I'm currently reading TOME OF THE TERROR: HORROR FILMS OF THE SILENT ERA, the latest entry in Chris Workman & Troy Howarth's series of books on the history of horror films. Many of the films covered in this volume are unavailable in any form, which is frustrating, particularly since it seems the ones that sound the most interesting are the ones that are now lost.
Going through the book put me in a silent thriller mood, and venturing onto YouTube I was able to view the 1926 version of a Edgar Allan Poe-influenced story called THE BELLS. The movie is based on a play by Emile Erckmann and Alexandre Chatrian called "Le Juif Polonais". The play was filmed many times in the silent era, and the various versions are discussed in TOME OF TERROR. The play is not an "official" adaptation of Poe's poem "The Bells"--if anything the story owes more to "The Tell-Tale Heart". What makes this version of THE BELLS important today is the fact that it features none other than Boris Karloff.
Set in Alsace during the year 1868, THE BELLS concerns inn and mill owner Mathias (Lionel Barrymore). The affable Mathias is something of an easy touch--he constantly allows the customers at both his establishments to purchase items on credit. This isn't the best idea in the world, because Mathias owes a large sum of money to his grasping neighbor Jerome Frantz (played by silent movie villain Gustav von Seyffertitz). Mathias' pretty young daughter falls in love with the new Gendarme. The middle-aged Frantz desires the girl, and tells Mathias he will forgive the debt if the daughter is betrothed to him. Mathias refuses this deal, but he knows the deadline to pay is near, and he doesn't have the money to do it. Around Christmastime a wealthy Jewish merchant from Poland stops at the inn, and Mathias notices his gold-filled money belt. The desperate innkeeper murders the merchant with an ax during a snowstorm, steals his money and burns the body in a kiln. The Gendarme loved by Mathias' daughter proceeds to investigate the crime, but it is the innkeeper's conscience that pursues him the most--especially when the merchant's brother arrives with a mysterious mesmerist (Boris Karloff) who supposedly has the power to force criminals to admit their foul deeds.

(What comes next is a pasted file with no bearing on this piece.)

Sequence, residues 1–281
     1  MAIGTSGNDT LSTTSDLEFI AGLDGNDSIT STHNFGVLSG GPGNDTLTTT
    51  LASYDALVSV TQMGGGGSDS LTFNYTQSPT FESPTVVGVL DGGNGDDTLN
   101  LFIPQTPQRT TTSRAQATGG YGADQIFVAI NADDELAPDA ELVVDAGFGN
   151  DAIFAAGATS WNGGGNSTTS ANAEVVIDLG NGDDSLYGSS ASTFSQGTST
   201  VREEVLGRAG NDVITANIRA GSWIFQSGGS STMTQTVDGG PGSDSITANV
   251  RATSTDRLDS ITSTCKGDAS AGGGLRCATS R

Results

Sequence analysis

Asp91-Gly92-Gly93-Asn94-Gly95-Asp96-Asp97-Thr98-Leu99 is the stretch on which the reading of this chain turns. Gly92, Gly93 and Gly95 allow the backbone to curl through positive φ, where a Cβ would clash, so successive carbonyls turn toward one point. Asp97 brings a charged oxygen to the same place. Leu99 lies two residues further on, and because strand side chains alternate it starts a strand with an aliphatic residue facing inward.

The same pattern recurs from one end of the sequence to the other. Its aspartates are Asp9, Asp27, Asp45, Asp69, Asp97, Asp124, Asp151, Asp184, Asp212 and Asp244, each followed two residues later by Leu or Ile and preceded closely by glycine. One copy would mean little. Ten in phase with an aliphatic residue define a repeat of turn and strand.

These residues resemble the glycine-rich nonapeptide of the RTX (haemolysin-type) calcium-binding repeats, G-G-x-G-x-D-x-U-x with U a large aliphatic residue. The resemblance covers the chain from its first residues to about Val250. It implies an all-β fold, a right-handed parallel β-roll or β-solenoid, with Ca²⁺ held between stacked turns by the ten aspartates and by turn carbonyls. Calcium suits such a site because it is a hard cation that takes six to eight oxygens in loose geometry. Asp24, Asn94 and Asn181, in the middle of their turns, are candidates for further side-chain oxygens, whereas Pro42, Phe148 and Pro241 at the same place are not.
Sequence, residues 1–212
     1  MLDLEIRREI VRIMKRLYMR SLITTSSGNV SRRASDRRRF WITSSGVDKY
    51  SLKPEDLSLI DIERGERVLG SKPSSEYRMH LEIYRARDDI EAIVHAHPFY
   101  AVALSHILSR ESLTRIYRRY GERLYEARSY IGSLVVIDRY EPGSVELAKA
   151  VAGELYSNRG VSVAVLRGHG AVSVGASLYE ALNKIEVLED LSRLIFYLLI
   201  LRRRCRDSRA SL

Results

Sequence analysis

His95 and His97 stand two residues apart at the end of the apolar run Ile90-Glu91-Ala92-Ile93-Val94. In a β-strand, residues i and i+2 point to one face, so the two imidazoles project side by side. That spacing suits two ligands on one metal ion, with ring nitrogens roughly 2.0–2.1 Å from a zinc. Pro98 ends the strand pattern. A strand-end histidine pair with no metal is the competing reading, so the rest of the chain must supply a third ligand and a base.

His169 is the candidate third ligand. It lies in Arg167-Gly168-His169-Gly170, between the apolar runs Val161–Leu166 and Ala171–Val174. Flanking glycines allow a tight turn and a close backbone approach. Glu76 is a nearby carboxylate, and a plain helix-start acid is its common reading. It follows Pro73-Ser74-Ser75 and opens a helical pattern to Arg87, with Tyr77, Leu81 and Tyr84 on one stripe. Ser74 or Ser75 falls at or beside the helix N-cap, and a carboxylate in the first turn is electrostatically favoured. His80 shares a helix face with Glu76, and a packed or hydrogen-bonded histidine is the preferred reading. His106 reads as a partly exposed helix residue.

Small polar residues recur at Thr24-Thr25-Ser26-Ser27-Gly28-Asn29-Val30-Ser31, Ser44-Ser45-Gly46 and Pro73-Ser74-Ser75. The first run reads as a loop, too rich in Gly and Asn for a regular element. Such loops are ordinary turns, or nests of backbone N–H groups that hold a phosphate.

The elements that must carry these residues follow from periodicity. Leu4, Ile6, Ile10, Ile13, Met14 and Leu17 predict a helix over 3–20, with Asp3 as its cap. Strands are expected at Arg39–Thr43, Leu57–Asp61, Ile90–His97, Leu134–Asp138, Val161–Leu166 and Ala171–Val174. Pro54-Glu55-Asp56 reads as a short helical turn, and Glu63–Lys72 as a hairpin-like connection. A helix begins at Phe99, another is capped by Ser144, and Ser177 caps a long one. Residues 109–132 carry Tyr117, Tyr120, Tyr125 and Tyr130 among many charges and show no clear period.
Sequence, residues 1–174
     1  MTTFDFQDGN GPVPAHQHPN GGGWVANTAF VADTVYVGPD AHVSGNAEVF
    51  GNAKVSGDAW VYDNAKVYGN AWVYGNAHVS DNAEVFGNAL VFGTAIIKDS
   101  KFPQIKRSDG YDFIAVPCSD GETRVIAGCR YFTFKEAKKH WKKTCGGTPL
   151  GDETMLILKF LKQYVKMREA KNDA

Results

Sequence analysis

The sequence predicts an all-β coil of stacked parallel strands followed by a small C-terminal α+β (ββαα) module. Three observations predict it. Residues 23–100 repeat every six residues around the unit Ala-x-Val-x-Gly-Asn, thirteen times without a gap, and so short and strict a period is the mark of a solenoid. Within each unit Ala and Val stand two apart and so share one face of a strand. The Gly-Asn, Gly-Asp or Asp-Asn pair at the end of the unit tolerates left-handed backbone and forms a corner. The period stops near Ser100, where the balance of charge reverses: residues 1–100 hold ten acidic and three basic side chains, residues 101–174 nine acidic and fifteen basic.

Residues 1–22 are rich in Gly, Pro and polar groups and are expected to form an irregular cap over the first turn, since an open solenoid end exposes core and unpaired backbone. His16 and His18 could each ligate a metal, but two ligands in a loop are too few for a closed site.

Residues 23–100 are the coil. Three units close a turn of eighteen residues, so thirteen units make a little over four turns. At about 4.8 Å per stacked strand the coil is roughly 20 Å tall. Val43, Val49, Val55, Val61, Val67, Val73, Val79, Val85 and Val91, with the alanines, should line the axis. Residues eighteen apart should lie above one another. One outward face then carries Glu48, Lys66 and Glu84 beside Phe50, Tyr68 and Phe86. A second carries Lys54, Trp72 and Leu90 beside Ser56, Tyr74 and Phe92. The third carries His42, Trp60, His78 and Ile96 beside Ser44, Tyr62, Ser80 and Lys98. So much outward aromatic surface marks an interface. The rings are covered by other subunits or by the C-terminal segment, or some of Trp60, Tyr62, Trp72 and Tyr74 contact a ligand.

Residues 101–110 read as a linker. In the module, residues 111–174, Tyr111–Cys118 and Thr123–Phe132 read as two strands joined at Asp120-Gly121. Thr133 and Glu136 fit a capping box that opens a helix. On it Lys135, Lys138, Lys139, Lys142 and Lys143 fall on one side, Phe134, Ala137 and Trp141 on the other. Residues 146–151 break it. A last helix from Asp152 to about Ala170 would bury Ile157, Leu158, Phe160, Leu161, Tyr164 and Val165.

THE BELLS was capably directed by James Young, who also wrote the screenplay. The movie has a nice period atmosphere, and a fine production design (it certainly doesn't look cheap). Young gives the story a number of macabre elements, such as Mathias suddenly finding his hands covered in blood (which he cannot get off), and the appearances of the merchant's ghost. Lionel Barrymore makes Mathias more and more haggard as the story goes on, and the climax features an expressionistic dream sequence in which Mathias imagines that he is on trial. The murder in THE BELLS is not a gory set-piece, but it is rather more gruesome than one would expect to see in a movie made around this time.
The real highlight of THE BELLS is Boris Karloff. His "Mesmerist" (we never find out his name) will be familiar to silent movie buffs--the man looks just like Dr. Caligari as played by Werner Krauss in THE CABINET OF DR. CALIGARI. (Karloff is quoted in a number of books as saying that it was Lionel Barrymore's idea for the hypnotist to look like Caligari.) With his large cloak, top hat, and baleful countenance, Karloff commands the viewer's attention in every scene that he appears in. The skulking mesmerist is a constant reminder to Mathias of his crime, and Karloff uses to great effect the sardonic grin that would become so familiar to those who would watch the many future horror entries he starred in.
Boris Karloff as "The Mesmerist"
Karloff does not have a lot of screen time in THE BELLS, but he makes a sizable impression, even without the use of his legendary voice. He makes so much of an impression that it is hard to fathom why he was stuck playing mainly bit parts in films until his huge success as the Monster in Universal's 1931 FRANKENSTEIN. Earlier this month, I wrote a post on the 1929 version of THE THIRTEENTH CHAIR, which starred Bela Lugosi. That movie shows that Bela was already the "Bela" we know and love, screen-presence wise, before his breakout movie role in the 1931 DRACULA. The same can be said concerning Boris Karloff and the 1926 THE BELLS--Boris is definitely playing a "Karloff" type of role, way before he earned the title of Hollywood's King of the Monsters. Boris Karloff acted in dozens and dozens of films during the silent era, but THE BELLS may contain his most noticeable pre-talkie performance. That fact alone makes THE BELLS worth seeing--but it is also a very good movie as well.